Right after I posted about that pair of bobble berets to which I found myself unexpectedly drawn, I realized I had the yarn for one of them right under my nose. The April Hat (a free pattern) is designed by my friend Courtney Kelley for their Germantown worsted, and I had an almost full skein of it left over, in natural, after my mini Sólbein used so little. So I cast on immediately. And quickly understood that while a good useful stockinette project like my vest-in-progress is the equivalent of a good long walk (with hopefully some scenery along the way), and I love a good long walk, I was desperately in need of an experience more like a gymnastics floor routine — lots of action and fluttery doodads. And this hat nailed it.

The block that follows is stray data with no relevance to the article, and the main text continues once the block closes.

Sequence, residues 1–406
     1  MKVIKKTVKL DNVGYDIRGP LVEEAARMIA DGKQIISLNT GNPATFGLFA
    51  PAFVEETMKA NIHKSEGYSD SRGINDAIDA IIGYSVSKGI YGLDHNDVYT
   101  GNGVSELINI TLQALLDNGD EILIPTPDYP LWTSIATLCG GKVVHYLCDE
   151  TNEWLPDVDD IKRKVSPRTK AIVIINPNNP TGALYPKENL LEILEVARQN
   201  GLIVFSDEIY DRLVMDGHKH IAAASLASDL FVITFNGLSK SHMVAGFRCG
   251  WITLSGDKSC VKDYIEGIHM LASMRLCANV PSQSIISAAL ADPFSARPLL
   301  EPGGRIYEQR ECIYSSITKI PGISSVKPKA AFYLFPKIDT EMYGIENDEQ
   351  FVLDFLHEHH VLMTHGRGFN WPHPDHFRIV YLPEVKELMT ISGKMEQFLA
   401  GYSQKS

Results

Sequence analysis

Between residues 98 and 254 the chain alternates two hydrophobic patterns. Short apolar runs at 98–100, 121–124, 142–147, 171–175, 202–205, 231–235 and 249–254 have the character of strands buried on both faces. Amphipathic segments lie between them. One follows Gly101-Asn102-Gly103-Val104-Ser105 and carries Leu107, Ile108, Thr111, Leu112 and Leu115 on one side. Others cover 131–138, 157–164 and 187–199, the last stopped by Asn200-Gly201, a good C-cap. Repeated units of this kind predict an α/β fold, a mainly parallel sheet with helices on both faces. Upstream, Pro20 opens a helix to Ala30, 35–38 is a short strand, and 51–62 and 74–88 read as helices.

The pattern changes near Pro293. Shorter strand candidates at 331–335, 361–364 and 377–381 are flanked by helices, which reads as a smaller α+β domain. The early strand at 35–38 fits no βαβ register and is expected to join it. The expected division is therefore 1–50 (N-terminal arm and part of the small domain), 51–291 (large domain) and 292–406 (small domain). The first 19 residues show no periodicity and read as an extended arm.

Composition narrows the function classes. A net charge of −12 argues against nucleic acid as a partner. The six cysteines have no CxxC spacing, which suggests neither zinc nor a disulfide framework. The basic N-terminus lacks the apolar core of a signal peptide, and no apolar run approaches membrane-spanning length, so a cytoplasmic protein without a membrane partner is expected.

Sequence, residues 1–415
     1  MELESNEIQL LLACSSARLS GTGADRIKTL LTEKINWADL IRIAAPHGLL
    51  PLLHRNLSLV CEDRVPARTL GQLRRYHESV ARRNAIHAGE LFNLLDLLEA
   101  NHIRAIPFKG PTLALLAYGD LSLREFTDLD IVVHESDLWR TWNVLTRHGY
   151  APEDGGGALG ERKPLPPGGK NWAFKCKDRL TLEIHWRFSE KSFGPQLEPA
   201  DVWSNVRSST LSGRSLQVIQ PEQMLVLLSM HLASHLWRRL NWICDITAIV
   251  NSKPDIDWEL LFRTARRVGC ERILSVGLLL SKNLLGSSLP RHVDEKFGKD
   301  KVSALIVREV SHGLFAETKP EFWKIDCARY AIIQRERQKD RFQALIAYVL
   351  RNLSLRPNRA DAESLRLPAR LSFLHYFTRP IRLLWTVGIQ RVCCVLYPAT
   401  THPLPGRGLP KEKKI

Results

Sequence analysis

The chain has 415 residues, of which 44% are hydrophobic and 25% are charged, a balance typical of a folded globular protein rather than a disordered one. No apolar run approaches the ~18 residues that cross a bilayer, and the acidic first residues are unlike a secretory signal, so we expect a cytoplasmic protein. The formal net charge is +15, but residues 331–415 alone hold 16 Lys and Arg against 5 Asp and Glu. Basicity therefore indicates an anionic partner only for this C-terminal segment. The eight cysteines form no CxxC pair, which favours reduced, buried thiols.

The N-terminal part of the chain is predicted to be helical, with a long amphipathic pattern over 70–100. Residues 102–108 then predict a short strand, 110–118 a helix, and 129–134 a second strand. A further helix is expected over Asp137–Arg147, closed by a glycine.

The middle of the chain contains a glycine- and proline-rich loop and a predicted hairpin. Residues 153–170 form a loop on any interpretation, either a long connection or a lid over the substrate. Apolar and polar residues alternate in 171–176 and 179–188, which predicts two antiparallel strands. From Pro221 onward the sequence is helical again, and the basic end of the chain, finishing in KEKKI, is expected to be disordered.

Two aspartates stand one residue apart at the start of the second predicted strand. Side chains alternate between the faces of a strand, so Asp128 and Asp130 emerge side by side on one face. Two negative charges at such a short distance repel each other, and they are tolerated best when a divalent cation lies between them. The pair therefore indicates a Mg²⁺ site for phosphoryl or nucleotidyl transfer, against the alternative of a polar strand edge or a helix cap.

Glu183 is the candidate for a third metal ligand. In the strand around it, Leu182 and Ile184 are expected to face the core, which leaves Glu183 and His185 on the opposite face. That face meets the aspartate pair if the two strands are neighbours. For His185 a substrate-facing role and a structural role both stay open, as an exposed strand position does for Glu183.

The brim is an easily memorized lace pattern that was fun right out of the gate. The floral bits on the body of the hat are a combination of puff stitch and bobbles. I’ve knitted bobbles before but had no idea what I was in for with puff stitch — the puff-stitch rounds were almost comically slow for me, although I did get faster each time. Like anything new in life, it’s awkward until you get used to it, but it’s one of those fabrics where you just can’t wait to get to the next repeat because it’s so fun watching it develop.

April Hat bobble beret (free pattern)